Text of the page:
the world of education,” said Peter Collins, Northern Superior Regional Grand Chief for the Anishinabek Nation. “It is essential that the Faculty of Law remain engaged with First Nation and Métis political organizations to ensure that our perspectives on historical and emerging issues are reflected through the curriculum,” said Nishnawbe Aski Nation Deputy Grand Chief Goyce Kakegamic. Lakehead President and Vice-Chancellor Dr. Brian Stevenson said this agreement is important because the Faculty of Law owes its existence to the commitment of communities in Northwestern Ontario. “Nishnawbe Aski Nation was one of the groups that approached Lakehead University to create the Faculty of Law,” Dr. Stevenson said. “We value our partnerships and look forward to working with all of these groups to make the Faculty of Law the best it can be for this community and the region.”
Film portrays knowledge transfer
By Barb Nahwegahbow TORONTO – Anishinaabe scholar Chantelle A.M. Richmond was frustrated with research done in First Nations communities that benefitted the researchers more than it did the communities, so she decided to do something about it. The result is a 60-minute documentary titled “Gifts from the Elders”, the product of a summerlong community-based research project that paired youth and elders to transfer traditional knowledge. Two communities were involved – Ojibways of Pic River First Nation, Richmond’s home community, and Batchewana First Nation of Ojibways. “My heart has always been in the community,” said Richmond. Her uncle Roy Michano, who has served 16 yerms as Chief of Pic River, is one of her role models. “He’s fought really hard for land rights, environmental issues,” she said, adding that Chief Michano set an example for her “to follow what I felt passionate
about.” Associate Professor in the Department of Geography with a cross-appointment in First Nations Studies and the Department of Family Medicine at Western University in London, Ontario, Richmond describes herself as “a First Nation scholar who has trained primarily in health geography.” She is deeply concerned about the health and social issues faced by Indigenous peoples in Canada because of colonization and the resulting dispossession of the land. Environmental degradation caused by development has destroyed hunting and trapping grounds and forests where medicines were harvested. Poisons have been dumped into lakes and rivers that once provided fish and sustenance for families. All of this has left the health of First Nations people severely compromised in all ways – physically, emotionally, spiritually and mentally – and both youth and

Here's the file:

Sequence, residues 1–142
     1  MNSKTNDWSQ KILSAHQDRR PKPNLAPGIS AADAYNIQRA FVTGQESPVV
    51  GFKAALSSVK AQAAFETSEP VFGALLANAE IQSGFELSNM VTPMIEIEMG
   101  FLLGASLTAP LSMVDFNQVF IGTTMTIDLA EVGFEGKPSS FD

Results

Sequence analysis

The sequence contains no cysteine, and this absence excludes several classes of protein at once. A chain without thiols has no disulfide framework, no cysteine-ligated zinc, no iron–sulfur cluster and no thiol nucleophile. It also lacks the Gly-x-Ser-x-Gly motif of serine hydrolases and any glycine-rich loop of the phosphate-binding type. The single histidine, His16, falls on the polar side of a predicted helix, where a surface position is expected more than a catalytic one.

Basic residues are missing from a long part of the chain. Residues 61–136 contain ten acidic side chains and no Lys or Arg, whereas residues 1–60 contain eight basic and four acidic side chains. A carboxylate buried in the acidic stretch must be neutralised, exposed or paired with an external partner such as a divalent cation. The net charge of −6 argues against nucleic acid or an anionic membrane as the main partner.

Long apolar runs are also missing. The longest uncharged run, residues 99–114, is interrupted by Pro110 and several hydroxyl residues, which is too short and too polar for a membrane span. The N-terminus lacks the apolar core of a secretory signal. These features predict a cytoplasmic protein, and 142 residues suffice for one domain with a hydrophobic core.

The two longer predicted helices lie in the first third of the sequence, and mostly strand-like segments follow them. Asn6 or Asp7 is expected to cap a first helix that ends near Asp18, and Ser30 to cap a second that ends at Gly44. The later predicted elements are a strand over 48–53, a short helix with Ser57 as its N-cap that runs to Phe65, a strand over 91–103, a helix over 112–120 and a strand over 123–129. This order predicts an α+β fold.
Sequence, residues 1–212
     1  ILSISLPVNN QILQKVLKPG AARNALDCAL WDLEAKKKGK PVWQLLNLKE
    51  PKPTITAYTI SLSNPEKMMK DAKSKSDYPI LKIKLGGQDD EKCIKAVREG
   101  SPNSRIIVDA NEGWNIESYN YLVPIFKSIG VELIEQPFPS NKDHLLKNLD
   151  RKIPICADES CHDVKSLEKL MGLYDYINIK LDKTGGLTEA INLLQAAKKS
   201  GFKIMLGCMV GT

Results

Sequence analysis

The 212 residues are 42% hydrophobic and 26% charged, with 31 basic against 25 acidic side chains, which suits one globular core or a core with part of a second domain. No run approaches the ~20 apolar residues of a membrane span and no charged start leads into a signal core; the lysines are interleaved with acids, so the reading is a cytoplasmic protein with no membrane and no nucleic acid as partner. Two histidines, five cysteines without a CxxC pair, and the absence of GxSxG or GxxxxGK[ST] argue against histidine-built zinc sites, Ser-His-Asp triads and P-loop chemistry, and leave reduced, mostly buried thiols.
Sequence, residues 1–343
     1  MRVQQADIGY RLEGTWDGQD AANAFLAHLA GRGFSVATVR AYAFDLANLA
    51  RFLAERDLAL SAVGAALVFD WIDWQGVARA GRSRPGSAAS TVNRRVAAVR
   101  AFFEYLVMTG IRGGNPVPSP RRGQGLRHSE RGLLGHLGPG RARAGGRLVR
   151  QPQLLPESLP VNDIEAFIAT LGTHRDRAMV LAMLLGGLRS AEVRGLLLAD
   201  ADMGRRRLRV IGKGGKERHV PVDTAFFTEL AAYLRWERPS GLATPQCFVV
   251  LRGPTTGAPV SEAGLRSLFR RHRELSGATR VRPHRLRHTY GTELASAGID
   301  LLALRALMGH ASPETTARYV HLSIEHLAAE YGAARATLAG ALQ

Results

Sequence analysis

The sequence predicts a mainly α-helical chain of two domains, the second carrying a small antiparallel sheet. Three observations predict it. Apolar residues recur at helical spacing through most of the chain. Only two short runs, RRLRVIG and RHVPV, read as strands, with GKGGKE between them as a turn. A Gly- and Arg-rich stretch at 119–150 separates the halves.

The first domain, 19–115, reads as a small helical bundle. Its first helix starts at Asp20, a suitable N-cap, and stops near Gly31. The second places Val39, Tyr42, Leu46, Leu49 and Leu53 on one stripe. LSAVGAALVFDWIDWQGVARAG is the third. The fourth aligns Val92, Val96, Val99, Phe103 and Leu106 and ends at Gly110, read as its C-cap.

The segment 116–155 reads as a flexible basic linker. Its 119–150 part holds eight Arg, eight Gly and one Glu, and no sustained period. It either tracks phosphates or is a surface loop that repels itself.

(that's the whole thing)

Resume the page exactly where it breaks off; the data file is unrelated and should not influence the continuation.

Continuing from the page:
elders in the film voice their concerns about health issues such as addictions, nutrition, obesity and lack of spiritual involvement that they see in their communities. The loss of the harmonious relationship with the land also caused a breach in the relationship between people. The relationship to which Richmond directed her attention in the research project was the one between youth and elders. “The most important lesson learned from the project,” said Richmond, “was the great potential for knowledge transfer between elders and youth, and what an untapped potential there is in sustaining those relationships…” While the young people were intimidated at first about the prospect of talking with the elders, their excitement at learning helped them overcome their initial fear. The film shows the changes in the young people, but it also shows the pride restored in the elders because of the affirmation
Chantelle A.M. Richmond, Professor, Western University with Deb McGregor, Professor, University of Toronto at screening of Gifts From the Elders.
that they have something valuable to share. The two communities have each been given 500 copies of “Gifts from the Elders” to share as they wish. “What we’re really excited about,” said Richmond, “is that Indigenous communities in faraway places can see their own issues reflected here [in the film], and be inspired to say, ‘we should do something like this’. It may not be a film but it may be a project that gets youth and elders together hanging out on the land
or just talking. In spite of the fact that Indigenous communities are so far apart, so many of the environmental struggles we face are so similar.” “Gifts from the Elders” screened at the University of Toronto on Nov. 1st when Richmond was introduced by another Anishinaabe scholar, Dr. Deb McGregor from Whitefish River First Nation, Professor of Geography and Aboriginal Studies. Read the full version of this story at www.anishinabeknews.ca